[jdom-interest] breadth first traversal, nextElement()

Andres March Andres at ehealthcontracts.com
Wed Aug 28 09:10:02 PDT 2002

How is the numbering of your diagram determined?  Would order = branch#  x level# ?  It seems strange to process the elements sequentially in this manner.  From your previous posts I inferred that 11 would be last because it is the deepest child of the last branch.  But my comprehension of your problem was incorrect.  Usually, if I was to parse an entire tree manually I would complete each branch iteratively before beginning on the next.  For example, I would hit 1,2,5,12 before starting on 3,6,7,13,14,8.

I thought about doing it the way you have written about but it never made sense to me.  You have to go back to the same element multiple times - once to process and the other times to check for children....  I've included the code I commonly use for my method.  Sorry, if it doesn't help.

public void processAll(rootElem) {
	ArrayList childrenList = rootElem.getChildren();
	Iterator it = childrenList.iterator();
	while( it.hasNext() )  {
		Element childElem = it.next();
		// do whatever you want with it 


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-----Original Message-----
From: Azrael [mailto:azrael at azrael-uk.f2s.com]
Sent: Wednesday, August 28, 2002 7:56 AM
To: jdom-interest at jdom.org
Subject: Re: [jdom-interest] breadth first traversal, nextElement()

It probably might seem quite rude of me to critique someone elses code 
that has been offered as a suggestion to me.. but I hope it isn't taken 
that way.. as I do appreciate it..
I think general interest requires that if someone offers a suggestion. 
and it needs changes.. that I bring them to everyone who might be 
I attach a small picture giving the tree I'm assuming this is working 
on. (very small attachment 14kb .. so I hope no-one minds)

Bradley S. Huffman wrote:
public class BreadthFirst {
>     private List mylist = new ArrayList();
>     private int cursor = 0;
>     public BreadthFirst(Element start) {
>         mylist.add(start);
>     }
>     public Object next() {
>         int size = mylist.size();

Let's say I pass element 11 as my 'start'.
If I understand correctly, mylist will now contain the element I wish to 
start from, and only that element. So 'size = 1' 'cursor = 0'

>         // First check if we have run out of items. If so reload list
>         // with children of all the Elements.
>         if ((size != 0) && (cursor >= size)) {

size is indeed not 0, but cursor 0 >= 1 is false

>             List temp = new ArrayList();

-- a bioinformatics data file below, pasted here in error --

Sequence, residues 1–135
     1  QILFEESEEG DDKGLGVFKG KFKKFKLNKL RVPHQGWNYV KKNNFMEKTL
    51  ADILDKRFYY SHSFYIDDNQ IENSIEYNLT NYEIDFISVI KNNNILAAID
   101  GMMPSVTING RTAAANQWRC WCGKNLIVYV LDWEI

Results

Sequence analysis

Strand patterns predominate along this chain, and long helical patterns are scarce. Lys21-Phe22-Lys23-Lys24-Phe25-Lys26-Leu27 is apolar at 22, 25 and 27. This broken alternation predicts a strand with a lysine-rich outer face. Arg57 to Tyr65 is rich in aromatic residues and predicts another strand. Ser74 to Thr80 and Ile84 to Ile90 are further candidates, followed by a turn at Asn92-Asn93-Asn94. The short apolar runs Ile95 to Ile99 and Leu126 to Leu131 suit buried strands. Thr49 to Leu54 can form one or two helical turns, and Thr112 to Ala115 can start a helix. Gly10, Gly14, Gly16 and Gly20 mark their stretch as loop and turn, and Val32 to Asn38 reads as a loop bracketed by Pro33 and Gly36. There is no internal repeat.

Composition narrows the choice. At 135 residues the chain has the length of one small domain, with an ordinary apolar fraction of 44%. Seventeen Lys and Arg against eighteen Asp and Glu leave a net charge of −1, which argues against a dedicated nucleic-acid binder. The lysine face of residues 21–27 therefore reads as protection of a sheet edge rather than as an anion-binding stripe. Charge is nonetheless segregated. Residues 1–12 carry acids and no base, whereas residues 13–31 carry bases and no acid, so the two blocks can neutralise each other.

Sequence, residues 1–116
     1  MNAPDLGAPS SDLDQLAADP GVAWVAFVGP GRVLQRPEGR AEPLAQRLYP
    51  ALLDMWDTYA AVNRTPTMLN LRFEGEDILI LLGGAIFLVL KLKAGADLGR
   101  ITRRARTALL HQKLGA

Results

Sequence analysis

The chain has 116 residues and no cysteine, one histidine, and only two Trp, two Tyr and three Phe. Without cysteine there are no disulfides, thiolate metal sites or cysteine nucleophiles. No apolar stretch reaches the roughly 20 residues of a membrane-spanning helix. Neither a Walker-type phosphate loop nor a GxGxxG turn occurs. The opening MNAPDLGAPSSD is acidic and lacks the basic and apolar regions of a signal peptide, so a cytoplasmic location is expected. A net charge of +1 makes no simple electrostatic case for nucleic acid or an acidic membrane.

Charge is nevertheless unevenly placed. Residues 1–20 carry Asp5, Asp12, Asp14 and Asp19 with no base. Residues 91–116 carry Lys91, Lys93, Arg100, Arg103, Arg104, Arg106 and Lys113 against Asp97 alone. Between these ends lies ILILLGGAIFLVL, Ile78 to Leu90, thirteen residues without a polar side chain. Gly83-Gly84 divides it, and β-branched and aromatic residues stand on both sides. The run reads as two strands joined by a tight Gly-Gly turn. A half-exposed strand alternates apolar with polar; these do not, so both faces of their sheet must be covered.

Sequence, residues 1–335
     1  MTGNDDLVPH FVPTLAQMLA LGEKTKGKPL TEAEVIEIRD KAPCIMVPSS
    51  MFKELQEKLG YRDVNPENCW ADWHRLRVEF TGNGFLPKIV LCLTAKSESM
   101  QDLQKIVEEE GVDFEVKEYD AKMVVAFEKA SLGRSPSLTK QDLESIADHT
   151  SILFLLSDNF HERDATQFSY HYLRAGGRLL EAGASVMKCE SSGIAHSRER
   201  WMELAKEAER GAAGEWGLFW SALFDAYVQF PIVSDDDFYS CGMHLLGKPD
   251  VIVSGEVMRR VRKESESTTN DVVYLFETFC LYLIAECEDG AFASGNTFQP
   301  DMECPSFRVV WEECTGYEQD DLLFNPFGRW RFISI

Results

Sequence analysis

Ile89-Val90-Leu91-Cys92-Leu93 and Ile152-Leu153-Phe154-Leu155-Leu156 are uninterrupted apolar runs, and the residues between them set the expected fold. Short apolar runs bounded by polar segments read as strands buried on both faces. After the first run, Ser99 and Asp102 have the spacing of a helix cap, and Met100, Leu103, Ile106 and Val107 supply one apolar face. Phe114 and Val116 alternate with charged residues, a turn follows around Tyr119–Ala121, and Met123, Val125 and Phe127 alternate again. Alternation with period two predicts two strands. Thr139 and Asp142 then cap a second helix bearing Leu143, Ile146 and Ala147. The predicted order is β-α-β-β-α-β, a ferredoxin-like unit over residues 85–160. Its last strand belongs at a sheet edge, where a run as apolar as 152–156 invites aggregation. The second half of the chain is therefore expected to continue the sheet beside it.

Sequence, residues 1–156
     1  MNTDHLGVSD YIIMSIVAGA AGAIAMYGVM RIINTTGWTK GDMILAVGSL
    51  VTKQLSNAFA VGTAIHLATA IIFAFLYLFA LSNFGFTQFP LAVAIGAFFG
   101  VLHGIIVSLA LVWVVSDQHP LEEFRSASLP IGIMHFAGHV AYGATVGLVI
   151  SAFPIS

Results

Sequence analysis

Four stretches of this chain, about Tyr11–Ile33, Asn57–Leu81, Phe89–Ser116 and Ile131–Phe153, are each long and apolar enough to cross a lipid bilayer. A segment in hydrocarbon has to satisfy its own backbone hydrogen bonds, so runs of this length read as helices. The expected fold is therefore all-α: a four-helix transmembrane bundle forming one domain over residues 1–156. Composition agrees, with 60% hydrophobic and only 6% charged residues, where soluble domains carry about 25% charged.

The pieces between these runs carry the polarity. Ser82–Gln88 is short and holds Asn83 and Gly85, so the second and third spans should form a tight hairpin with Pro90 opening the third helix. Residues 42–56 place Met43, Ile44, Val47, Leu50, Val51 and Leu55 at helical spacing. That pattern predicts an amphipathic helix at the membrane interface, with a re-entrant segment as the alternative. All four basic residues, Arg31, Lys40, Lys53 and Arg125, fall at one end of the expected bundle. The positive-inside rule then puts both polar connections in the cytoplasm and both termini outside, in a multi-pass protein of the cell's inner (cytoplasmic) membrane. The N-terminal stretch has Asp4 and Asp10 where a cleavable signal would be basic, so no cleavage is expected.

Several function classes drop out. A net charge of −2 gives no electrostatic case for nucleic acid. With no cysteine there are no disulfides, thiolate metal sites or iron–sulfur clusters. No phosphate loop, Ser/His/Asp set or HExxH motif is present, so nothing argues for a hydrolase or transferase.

>             for (int i = 0; i < size; i++) {
>                 if (mylist.get(i) instanceof Element) {
>                     Element element = (Element) mylist.get(i);
>                     temp.addAll(element.getContent());
>                 }
>             }
>             mylist = temp;
>             cursor = 0;
>         }
>         // Anything in the list? No, return null
>         if (size == 0) {
>             return null;
>         }

size =1 so the above is skipped

>         // Yes, return item pointed to by cursor.
>         if (cursor < size) {
>             cursor++;
>             return mylist.get(cursor - 1);
>         }

cursor 0 is less than size 1, so cursor++, means cursor = 1
and we return back the very element we initially put into the List.

>     }
> }

Additionally from looking at the for loop we're only ever dealing with 
children.. if we can get into it.. and that doesn't quite work properly 
as far as I can see.
Referring to the diagram attached. The numbers indicate the way in which 
I want the breadth-first traversal to 'walk' (hopefully this is what 
others understand breadth-first to be .. I hope I'm not wrong with my 
So if pass Element '11' in.. and want the next element, I should get 
Element '12' this means I not only have to check what children I have.. 
but I need to initially check the children of my previous siblings first.
If I passed Element '9' as my initial starting point, I would need to 
pass my next sibling.

Roughly: if start == last child of my parent (youngest of my siblings)
             && start.getParent() == last child of its parent
	  return my first 'nephew/niece'

	if start == last child of its parent
	 && start.getParent() != last child of it's parent
         return the 'nephew/niece' of my parent that was 'born' after me

	if start != last child of my parent
           return my next sibling

descriptions based on family tree monemclature .. hope it isn't confusing.


            `0_ O  )   `-.  (     ).`-.__.`)
            (_Y_.)'  ._   )  `._ `. ``-..-'
          _..`--'_..-_/  /--'_.' .'
         ((i).-''  ((i).'  (((.-'

Of all God's creatures there is only one that cannot be made the slave 
of the lash. That one is the cat. If man could be crossed with a cat it 
would improve man, but it would deteriorate the cat.


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